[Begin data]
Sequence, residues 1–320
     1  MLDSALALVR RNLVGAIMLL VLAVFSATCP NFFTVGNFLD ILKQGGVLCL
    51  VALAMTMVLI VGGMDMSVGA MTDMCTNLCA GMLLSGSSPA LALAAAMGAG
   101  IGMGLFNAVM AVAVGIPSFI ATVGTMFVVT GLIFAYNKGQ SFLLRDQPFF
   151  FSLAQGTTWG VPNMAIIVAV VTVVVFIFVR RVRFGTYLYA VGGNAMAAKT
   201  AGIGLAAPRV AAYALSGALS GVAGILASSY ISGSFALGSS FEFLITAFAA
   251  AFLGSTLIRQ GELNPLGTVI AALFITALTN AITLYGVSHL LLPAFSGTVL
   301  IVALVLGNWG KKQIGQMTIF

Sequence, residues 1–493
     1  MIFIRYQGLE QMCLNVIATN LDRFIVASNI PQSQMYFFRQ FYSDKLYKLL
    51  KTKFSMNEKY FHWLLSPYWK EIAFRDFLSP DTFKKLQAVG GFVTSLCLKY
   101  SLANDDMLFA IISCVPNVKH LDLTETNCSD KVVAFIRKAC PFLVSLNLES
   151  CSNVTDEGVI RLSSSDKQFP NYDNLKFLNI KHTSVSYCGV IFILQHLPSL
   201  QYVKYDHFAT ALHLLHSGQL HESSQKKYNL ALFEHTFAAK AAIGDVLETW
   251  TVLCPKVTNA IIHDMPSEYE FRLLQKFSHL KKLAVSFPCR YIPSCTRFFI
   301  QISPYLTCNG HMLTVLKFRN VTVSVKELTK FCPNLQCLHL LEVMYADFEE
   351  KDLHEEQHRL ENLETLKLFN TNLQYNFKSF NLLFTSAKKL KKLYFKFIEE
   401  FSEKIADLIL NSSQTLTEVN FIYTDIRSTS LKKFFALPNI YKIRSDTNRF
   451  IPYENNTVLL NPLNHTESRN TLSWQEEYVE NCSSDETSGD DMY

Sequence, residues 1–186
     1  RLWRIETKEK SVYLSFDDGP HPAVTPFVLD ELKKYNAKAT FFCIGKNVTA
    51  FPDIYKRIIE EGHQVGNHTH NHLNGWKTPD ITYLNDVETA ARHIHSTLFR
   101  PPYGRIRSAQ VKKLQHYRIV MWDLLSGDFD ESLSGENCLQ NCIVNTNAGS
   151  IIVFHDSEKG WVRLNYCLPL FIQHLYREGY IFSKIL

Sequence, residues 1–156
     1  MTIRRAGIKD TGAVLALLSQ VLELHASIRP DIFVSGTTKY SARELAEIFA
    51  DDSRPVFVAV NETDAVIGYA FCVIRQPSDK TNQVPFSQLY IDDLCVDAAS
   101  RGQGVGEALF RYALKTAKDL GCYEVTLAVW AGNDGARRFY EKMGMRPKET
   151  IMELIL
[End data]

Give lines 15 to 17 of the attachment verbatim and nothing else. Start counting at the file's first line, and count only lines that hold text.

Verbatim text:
   251  TVLCPKVTNA IIHDMPSEYE FRLLQKFSHL KKLAVSFPCR YIPSCTRFFI
   301  QISPYLTCNG HMLTVLKFRN VTVSVKELTK FCPNLQCLHL LEVMYADFEE
   351  KDLHEEQHRL ENLETLKLFN TNLQYNFKSF NLLFTSAKKL KKLYFKFIEE